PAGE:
Nan / Thailand



Nan is a geographically isolated town in the north of Thailand. Situated at the banks of Nan River in a wide plain, two mountain chains separate it from western and eastern neighbours. The province of Nan is bordering Laos in the east with Sanyaburi as a next town east of it.

'Ancient Temple in Nan Town' by Asienreisender

One of the medieval temples in Nan town. Image by Asienreisender, 11/2010

Nan and Sanyaburi are separated by the Luang Prabang Mountain Chain. The highest mountain here is Doi Phu Kha (2,079m), close to the Laotian border. At the western horizon of the town stretches the Phi Pan Nam Mountain Chain, cutting it off the next western province Phayao.

In the years until 2011 the main road from Uttaradit via Phrae has been improved, and Nan became one of the notorious highway circles, leading around the town and being the backbone for a continuing, grand-style urbanization. The other direction to enter or to leave Nan is the northern route via Chiang Kham or border crossing Laos. The improvement of the road connection via Laos to China will trigger more traffic, trade and pollution here. It comes with a new bridge over the Mekong River at Ban Pak Beng.

The Nan River
'Traditional Boat Race on Nan River' by Asienreisender

Very popular are the annual boat races on Nan River. This custom is centuries old and held in many Thai places with larger waterways (see also the 'Royal Barge Procession in Lang Suan') at the end of the raiy season, when the water level is highest. In the Ayutthaya era the regattas were meant to keep young men fit for military purposes.

Nan River, who joines Ping River at Nakhon Sawan, is one of the largest tributaries of the Chao Phraya River, who is the biggest river within Thailand. Image by Asienreisender, 11/2010

A Short History of Nan

Nan's Old City Wall
'Nan's City Wall' by Asienreisender

Remains of Nan's old city wall. What's left is only 400m of the original, and it's actually not very old - it was built in 1885, replacing an older palisade wall, Image by Asienreisender, 4/2011

Although there are a few traces of stone-age people, settlements here dont' date back further than to around 1280 CE. As a small, geographically isolated principality, Nan was over longer times independent. However, all the neighbouring states were larger and more powerful and annexed the principality over times. So it came first for a short time under the control of the kingdom of Sukhothai, soon later under the rule of the kings of Lanna and, from 1558 and again from 1714 on, under that of Burma. After the final Burmese retreat in 1788, Nan gained again a kind of independence. In the French-Siamese treaty of 1893, Nan lost part of it's easter territories to then French Indochina; these land is now part of neighbouring Laos. Remarkably, it became incorporated into the Siamese state as late as 1931. Nan's remotness and the large, dense forests made it a good terrain for guerilla warfare, what was a reason for a part of the Semi Thai resistance to operate here in the region in the Second World War. In the 1960s and 1970s, the communist insurgents of the People's Liberation Army of Thailand (PLAT) fought here against the Thai army.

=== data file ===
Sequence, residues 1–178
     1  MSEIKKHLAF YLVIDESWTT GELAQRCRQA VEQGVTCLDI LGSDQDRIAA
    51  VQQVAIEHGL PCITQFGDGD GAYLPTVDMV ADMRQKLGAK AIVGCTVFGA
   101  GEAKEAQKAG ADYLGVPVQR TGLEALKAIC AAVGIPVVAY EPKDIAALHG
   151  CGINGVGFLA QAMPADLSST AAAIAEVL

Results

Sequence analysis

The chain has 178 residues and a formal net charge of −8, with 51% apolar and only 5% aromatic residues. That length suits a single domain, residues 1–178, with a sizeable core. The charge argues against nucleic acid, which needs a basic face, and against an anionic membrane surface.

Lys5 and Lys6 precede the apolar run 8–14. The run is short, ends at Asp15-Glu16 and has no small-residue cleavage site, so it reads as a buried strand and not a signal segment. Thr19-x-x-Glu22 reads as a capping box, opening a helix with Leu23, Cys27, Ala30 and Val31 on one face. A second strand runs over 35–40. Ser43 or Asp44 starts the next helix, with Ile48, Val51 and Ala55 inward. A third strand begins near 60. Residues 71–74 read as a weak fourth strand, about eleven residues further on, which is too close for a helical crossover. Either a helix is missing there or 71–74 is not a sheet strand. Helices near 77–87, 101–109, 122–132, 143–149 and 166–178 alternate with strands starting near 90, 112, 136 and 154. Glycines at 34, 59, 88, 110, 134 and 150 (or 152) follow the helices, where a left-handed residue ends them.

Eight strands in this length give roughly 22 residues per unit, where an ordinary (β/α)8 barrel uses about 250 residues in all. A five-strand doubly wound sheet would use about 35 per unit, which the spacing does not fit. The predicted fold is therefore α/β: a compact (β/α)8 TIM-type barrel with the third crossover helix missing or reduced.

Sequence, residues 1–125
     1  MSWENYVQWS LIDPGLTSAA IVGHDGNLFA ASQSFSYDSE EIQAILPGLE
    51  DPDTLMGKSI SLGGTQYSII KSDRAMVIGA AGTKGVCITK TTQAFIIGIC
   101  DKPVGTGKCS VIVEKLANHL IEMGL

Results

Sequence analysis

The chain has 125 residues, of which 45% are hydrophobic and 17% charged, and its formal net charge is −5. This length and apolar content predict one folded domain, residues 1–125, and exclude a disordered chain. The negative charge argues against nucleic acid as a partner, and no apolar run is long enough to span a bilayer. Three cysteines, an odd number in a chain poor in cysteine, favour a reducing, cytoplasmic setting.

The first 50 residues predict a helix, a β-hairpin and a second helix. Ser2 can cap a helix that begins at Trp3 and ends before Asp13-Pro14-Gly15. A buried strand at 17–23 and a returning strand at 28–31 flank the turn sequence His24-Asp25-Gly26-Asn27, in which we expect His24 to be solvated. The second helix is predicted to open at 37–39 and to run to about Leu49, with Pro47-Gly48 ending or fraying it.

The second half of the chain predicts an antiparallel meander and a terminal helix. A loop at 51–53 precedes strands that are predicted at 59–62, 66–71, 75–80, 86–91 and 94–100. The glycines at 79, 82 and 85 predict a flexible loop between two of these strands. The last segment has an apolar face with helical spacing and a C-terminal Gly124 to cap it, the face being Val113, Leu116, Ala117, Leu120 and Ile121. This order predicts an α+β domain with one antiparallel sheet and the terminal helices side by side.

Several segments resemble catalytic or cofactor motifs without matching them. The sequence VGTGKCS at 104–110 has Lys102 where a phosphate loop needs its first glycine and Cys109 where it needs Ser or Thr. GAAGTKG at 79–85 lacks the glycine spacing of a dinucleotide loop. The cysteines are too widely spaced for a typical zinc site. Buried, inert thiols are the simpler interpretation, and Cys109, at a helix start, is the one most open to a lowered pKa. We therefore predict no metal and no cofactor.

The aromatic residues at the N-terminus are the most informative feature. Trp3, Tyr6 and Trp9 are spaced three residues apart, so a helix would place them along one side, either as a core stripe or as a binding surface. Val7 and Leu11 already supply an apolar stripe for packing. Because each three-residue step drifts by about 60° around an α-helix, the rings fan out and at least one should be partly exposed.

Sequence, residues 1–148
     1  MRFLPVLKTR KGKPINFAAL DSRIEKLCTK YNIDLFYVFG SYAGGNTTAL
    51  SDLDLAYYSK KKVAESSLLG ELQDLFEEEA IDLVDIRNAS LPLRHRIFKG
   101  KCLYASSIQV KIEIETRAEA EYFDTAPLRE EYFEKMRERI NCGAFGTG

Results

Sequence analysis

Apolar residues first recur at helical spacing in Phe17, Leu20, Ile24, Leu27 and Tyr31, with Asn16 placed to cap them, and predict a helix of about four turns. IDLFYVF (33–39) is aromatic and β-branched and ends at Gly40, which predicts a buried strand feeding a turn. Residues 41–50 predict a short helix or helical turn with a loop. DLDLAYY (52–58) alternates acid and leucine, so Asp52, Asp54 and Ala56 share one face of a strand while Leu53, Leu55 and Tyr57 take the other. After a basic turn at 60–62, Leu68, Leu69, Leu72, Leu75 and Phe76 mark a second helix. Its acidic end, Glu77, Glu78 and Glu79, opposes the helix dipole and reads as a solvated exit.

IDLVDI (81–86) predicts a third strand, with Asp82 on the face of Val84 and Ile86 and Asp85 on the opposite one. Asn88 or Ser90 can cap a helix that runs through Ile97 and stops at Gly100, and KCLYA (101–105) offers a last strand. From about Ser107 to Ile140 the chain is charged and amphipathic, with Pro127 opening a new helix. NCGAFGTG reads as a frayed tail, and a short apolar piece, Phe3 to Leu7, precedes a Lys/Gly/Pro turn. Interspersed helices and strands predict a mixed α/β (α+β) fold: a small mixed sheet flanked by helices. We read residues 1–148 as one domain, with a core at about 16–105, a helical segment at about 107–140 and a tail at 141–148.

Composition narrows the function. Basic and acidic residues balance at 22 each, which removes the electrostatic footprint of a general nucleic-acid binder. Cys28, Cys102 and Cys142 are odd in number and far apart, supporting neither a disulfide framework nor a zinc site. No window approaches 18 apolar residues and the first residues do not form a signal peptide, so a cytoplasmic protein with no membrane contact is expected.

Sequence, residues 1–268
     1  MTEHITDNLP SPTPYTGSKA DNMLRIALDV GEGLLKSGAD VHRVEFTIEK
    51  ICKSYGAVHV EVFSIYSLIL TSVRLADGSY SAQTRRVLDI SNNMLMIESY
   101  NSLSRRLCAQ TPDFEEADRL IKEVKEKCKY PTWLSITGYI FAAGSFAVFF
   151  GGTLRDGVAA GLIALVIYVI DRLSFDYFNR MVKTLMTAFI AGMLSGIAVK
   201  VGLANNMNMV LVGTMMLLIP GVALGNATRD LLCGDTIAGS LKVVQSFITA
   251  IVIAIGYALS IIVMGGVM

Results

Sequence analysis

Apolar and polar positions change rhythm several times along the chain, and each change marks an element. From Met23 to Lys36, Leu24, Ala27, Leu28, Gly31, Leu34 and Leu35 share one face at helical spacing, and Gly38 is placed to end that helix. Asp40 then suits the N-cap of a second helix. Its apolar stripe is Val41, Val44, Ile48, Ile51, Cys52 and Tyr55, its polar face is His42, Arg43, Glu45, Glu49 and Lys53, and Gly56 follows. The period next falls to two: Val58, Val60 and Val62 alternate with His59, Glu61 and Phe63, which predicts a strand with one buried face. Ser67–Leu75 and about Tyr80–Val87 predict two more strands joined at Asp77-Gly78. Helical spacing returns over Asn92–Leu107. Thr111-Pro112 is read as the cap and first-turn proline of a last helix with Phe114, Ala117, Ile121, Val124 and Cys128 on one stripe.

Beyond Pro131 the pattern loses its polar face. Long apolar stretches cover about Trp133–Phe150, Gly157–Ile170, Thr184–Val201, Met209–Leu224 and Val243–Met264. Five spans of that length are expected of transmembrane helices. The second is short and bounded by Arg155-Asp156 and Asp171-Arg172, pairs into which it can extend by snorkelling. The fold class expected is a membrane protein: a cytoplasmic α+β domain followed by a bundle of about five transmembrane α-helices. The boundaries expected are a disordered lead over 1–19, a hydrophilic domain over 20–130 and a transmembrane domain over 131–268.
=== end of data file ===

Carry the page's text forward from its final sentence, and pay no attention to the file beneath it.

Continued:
Doi Phu Kha National Park
'Tropical Rainforest in Doi Phu Kha National Park' by Asienreisender

Doi Phu Kha National Park is Thailand's largest national park in the whole north of the country. It has plenty of natural riches and the mountainous surroundings are the source of many streams and some rivers, as the Nan River. The highest mountain, Doi Phu Kha, is 2,079m high. Particularly teak is growing here, as it did in the past in the whole large region of the Greater Golden Triangle. The whole park is part of the Luang Prabang Mountain Range. However, all the park status does not safe the nature from destruction. Deforestation is going on, and as always there are high officials and the military involved in the predatory exploitation. Image by Asienreisender, 4/2011

People and Economy

The mountainous parts of the province are mainly populated by Tai Yuan, Tai Lue and other tribal people like Shan, Hmong, Phuanand Tai Khuen. Nan town has a population around 22,000 people.

The economy is based mostly on agriculture. The massive logging of the last remaining forests is part of it, together with fishing, rice production and vegetables and fruits. Tourism is massively on the rise and makes now also a considerable part of the economy.

Deforestation in Nan Province
'Mountains and Deforestation in Nan Province' by Asienreisender

As everywhere in Southeast Asia, deforestation is going on in a rapid speed. Here, the formerly vast mountainous forests in Nan Province are getting logged and burned to give space for agriculture, preferably cash crops. Images and photocomposition by Asienreisender, 4/2011, 2016